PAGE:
STALAG 17, 1953
Cast: Don Taylor, William Holden, Harvey Lembeck, Otto Preminger, Robert Strauss, Richard Erdman, Peter Graves
When two escaping American World War II prisoners are killed, the German POW camp barracks black marketeer, J.J. Sefton, is suspected of being an informer.
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As far as war films go, this one stands apart. It's not the shoot 'em up, macho war film the genre has become synonymous with. It certainly doesn't glorify was either. It lies somewhere in between, somewhere more in the reality of the situation. Unlike war films that take place on the front lines of the battle field, amidst gunfire, screaming soldiers, and blood shed, this one takes a more psychological approach behind the barricades of prison life. Its Billy Wilder's Stalag 17 (1953).
Though plugged as a dramatic war film, this film has the Wilder touch, including breaks of comic relief. The characters are anything but one dimensional, making the film even more intriguing to watch. Also the plot is simple to follow, but also digs deep at times, intertwining interesting plot twists. Though itís not like other war films, it does an excellent job of depicting the realism of World War II and the struggles soldiers faced. Itís often controversial whether or not itís morally right to depict war for entertainment value, but this film has a great balance.
Based on a play of the same name, Stalag 17 immediately grips the audienceís attention when two American soldiers attempt to escape from a German prison camp during World War II. They are subsequently shot, killed, and their bodies are brought back to the camp to be made an example of. Immediately the other prisoners suspect one of their own to be a German spy, particularly, Sefton (William Holden, who won a Best Actor Oscar for this role), who often steps up as the barrackís ringleader.
Though the lives of the prisoners are pretty awful, they do share moments of pleasure, particularly when they get a peepshow into the neighboring womanís camp. Also, Christmas is approaching and the heart ache and homesickness of the prisoners silently, and sometimes not so silently, echoes through the barracks. Things get even worse for the men when they learn that one of their peers is to be removed and interrogated for something he did not do. They decide to hide him in the camp to escape from the German guards. But once again, they do not know who they can really trust. The uneasiness and constant speculation in the barracks resonates with the audience. But when we, the audience, find who the real trader is, we want nothing but justice.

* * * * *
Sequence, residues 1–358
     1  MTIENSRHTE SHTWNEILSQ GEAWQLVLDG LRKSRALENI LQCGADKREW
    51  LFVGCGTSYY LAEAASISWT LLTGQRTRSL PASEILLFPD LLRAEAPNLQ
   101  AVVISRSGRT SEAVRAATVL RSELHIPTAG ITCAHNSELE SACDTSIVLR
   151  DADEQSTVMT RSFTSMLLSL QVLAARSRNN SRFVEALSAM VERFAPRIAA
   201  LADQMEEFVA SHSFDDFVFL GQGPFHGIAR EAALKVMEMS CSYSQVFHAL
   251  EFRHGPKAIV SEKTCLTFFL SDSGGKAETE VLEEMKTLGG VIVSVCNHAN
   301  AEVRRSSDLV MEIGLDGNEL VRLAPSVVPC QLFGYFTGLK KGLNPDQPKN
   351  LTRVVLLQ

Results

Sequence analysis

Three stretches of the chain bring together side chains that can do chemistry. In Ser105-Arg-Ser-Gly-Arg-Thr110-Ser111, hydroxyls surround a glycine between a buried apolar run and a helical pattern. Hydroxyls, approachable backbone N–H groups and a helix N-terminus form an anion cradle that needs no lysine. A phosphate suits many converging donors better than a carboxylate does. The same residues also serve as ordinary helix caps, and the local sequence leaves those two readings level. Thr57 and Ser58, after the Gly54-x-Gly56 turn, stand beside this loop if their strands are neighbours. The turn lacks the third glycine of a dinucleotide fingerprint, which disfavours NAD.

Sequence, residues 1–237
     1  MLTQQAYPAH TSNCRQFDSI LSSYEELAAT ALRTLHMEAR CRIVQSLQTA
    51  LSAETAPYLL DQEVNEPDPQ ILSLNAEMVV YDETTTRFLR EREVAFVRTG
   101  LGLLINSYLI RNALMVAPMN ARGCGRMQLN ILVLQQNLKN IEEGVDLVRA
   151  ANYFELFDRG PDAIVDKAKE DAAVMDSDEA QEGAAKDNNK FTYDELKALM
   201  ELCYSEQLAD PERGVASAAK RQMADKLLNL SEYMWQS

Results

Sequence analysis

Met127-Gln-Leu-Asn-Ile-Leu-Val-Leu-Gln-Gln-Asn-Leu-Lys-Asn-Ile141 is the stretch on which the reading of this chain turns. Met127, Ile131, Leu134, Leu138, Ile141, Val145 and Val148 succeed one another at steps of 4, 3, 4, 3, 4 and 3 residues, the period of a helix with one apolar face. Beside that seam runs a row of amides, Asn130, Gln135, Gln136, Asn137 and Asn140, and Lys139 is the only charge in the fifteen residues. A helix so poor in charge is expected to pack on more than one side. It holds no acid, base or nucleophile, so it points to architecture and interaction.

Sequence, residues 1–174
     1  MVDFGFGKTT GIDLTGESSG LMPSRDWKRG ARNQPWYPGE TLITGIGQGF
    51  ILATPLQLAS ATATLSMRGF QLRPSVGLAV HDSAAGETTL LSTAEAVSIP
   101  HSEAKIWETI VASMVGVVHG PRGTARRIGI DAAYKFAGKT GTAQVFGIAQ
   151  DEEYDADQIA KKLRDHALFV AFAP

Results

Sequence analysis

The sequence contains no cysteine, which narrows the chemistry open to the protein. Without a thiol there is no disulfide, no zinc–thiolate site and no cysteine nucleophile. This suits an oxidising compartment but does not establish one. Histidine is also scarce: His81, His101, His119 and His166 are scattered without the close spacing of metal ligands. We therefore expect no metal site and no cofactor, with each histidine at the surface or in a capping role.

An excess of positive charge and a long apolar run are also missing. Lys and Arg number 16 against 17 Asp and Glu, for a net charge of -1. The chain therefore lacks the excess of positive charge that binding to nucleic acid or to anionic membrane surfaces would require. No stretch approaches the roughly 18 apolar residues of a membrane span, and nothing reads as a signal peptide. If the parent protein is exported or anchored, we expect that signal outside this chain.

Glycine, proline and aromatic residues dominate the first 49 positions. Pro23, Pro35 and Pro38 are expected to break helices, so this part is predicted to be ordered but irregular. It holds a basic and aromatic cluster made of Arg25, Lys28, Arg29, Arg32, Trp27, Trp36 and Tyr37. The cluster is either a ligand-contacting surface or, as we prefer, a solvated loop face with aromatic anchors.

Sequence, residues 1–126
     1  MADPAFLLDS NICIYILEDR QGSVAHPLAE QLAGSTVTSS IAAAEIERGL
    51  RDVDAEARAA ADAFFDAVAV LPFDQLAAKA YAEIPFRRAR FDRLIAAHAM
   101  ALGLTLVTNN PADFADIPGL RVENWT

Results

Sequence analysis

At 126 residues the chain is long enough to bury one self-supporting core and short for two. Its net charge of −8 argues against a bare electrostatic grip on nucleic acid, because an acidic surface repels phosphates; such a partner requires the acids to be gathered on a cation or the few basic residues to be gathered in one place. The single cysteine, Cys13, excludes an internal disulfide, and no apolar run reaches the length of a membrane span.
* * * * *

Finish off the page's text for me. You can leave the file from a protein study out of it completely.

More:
Stalag 17 reigns so supreme because of what it does not show. Unlike many war films, it does not need to rely on gratuitous violence or convoluted plots to tell a good story. It definitely doesnít lack in quality filmmaking because of it either. Instead, it concentrates on the diverse group of characters and the extreme situation they unfortunately find themselves in. Itís a great study of the human condition and the extremes people will go to when they are pushed to the limit.
The film uses comic relief wonderfully, used meticulously by Wilder. Along with the prisoners, the audience often needs comedy thrown into the mix. It's these guys' saving power. They have nothing but their good humor to get them through the day. Two characters, Harry and Cookie, provide much of the comic relief and bring with them a whole new dimension of characterization.
Also, because it doesnít have to concentrate on gun fights and big battle scenes, it allows time for the audience to become invested in these characters. We feel their pain and understand their lonesomeness. Itís heart wrenching to watch these grown men get so excited over one egg that they receive. Itís painful to see them have to decide how to cook it. We generally care for their well being and like the prisoners, itís also killing us when we donít know who the villain is. It definitely keeps its audience on edge, in a different way than an intense action scene would, but just as effective, if not more so. Itís an extremely realistic portrayal of war, in an unlikely way.